Harlem on His Mind
Although Jackson, 42, and his wife, stage actress LaTanya Richardson, 40, have shielded their potpourri-scented home behind an iron fence and send daughter Zoe, 9, to a private school on the posh Upper East Side, tragedies are close by. "I've had friends who have sold everything—their clothes, even their condominiums—and smoked them all away," says the lean, 6'3" Jackson. "I remembered all the desperation of those people when I was thinking about Gator."
The inspiration was clearly sufficient. Jackson's rack-thin Gator literally shakes, rattles and rolls with crack fever and so dazzled the Cannes judges in May that they created a new award, Best Supporting Actor, just for him. Already critics are murmuring about a possible Academy Award next year.
For Jackson, the recognition is a validation of 20 years of bad-guy bit parts on TV and in such films as 1988's Coming to America and last year's GoodFellas. Whenever Jackson railed against the typecasting he faced, wife LaTanya advised patience. "She made me see that Humphrey Bogart and James Cagney made whole careers out of being villains," says Jackson.
In his sitting room overlooking the garden, Jackson recalls discovering boyhood heroes Sidney Poitier and Errol Flyrm at the two theaters open to blacks in Chattanooga, where he was raised by his mother, Elizabeth, and her parents (his absentee dad lived in Kansas City, Mo.). His mom, a former clothing buyer, wanted Sam to be a pediatrician. But at Atlanta's Morehouse College, he mined the drama department at sister school Spelman College, where he met La-Tanya, and dabbled in radical politics. He and LaTanya joined a local black theater, which he calls "our 'hate whities' theater, complete with conga drums, Baraka poems and takeoffs on the Supremes called the Supremacists."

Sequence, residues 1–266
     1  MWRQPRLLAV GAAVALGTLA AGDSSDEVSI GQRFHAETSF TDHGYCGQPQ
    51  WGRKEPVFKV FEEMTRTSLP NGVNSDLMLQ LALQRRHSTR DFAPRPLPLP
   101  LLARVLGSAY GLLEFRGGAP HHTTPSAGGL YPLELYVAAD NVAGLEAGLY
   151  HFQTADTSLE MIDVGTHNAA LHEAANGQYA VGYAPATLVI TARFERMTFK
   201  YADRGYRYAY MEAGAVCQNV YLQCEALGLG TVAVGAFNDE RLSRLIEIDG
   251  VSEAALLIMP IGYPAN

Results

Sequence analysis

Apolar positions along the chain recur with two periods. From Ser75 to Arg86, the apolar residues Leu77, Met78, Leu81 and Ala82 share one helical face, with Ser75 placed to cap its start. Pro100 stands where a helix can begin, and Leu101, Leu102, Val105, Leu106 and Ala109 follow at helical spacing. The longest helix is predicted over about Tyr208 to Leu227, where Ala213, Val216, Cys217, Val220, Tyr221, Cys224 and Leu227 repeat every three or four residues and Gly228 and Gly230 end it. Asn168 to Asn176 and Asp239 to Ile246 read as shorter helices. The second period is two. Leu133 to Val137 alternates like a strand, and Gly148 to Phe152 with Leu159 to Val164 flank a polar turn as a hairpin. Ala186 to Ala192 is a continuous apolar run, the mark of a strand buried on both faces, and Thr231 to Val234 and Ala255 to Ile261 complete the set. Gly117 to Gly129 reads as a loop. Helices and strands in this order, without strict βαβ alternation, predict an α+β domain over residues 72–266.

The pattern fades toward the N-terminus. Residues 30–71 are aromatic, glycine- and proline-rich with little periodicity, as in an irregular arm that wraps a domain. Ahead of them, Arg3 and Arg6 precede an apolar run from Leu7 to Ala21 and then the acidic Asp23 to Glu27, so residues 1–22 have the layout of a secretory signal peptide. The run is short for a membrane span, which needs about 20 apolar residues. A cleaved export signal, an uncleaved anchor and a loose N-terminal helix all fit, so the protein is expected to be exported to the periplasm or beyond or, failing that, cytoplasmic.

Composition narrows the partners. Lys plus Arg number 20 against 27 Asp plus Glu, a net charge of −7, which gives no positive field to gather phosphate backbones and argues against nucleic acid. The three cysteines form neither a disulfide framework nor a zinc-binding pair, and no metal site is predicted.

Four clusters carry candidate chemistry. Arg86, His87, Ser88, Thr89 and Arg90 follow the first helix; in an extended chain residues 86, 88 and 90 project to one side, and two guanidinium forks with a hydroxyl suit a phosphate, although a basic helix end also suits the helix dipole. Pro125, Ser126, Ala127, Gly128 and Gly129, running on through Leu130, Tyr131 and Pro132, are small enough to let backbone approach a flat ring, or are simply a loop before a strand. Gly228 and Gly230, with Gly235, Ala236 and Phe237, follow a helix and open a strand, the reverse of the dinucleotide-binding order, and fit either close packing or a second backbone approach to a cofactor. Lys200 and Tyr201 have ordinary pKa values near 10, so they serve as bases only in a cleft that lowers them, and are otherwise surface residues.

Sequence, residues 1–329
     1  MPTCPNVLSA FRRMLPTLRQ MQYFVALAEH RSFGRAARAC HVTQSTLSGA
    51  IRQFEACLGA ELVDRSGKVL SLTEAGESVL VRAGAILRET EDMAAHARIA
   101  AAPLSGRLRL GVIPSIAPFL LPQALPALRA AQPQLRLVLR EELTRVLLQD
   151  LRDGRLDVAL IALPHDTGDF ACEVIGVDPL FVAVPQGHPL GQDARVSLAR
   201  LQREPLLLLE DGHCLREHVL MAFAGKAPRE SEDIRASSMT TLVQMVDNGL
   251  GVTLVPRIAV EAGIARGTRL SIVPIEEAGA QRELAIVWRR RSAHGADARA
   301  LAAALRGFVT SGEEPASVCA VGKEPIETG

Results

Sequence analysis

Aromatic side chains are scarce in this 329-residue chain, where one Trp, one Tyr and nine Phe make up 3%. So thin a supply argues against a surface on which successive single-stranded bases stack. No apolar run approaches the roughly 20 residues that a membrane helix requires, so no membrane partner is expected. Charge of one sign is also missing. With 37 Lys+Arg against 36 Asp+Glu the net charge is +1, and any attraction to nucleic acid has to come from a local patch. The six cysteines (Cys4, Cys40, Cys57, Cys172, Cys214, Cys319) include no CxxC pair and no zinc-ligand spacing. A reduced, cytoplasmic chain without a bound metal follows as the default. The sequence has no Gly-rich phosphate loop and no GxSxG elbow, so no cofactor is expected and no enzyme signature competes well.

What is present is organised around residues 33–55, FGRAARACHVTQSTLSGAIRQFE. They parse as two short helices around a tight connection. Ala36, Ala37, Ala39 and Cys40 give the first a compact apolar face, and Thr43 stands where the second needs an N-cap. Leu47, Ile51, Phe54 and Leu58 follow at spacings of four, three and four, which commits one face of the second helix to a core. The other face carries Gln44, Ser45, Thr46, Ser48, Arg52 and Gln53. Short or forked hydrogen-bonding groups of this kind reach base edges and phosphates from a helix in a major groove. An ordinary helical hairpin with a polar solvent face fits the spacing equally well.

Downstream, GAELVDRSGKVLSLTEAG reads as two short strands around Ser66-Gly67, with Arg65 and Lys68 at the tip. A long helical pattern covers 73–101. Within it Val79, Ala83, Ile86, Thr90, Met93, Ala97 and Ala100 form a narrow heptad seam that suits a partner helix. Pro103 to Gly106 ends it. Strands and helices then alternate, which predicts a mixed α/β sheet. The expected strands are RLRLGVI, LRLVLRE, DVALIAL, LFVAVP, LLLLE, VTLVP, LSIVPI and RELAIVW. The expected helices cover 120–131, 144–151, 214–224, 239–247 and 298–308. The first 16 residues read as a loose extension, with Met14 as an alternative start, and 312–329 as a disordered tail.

During his junior year in 1969, Jackson and other students held several school trustees, including Martin Luther King Sr., hostage to protest the lack of a black studies program and of black trustees. Jackson was temporarily expelled—he graduated in 1972—but counts a victory. "All the things we wanted got done when we were gone."
Jackson's first big break was hyping Crystal Hamburgers for the Southern fast-food chain. Since heading to New York City in 1976 (he and LaTanya married in 1980), Jackson has moved from low budget to high budget and back again, spending two years as Bill Cosby's TV stand-in and appearing in the original production of August Wilson's The Piano Lesson. Jackson says white directors have limited his career. "I've been told that I wasn't African enough or not an exotic Negro," he says, recalling how he was turned away from a part in Roots. "What does that mean?"
Fellow Morehouse grad Spike Lee, who was studying filmmaking at NYU when he met the actor, has given Jackson diverse roles in four of his five films, including hip deejay Mister Senor Love Daddy in Do the Right Thing. Says Lee: "Talented people like Sam need a vehicle to show what they can do." Nowadays, Jackson gets sporadic calls from Lee: "Malcolm. September. Be ready," to remind him he'll have a part—still undetermined—in Lee's Malcolm X, which stars Denzel Washington.
Meanwhile, Jackson is filing for unemployment and looking for work. He says that even if Hollywood comes courting, Harlem will always be his base. "It's black. I'm used to it, and it's a comfort zone for me," he says, even though the occasional gunfire forces him to make the streets off-limits to Zoe. "So for now, I'm going to sit in my backyard and just chill."
SUE CARSWELL in Harlem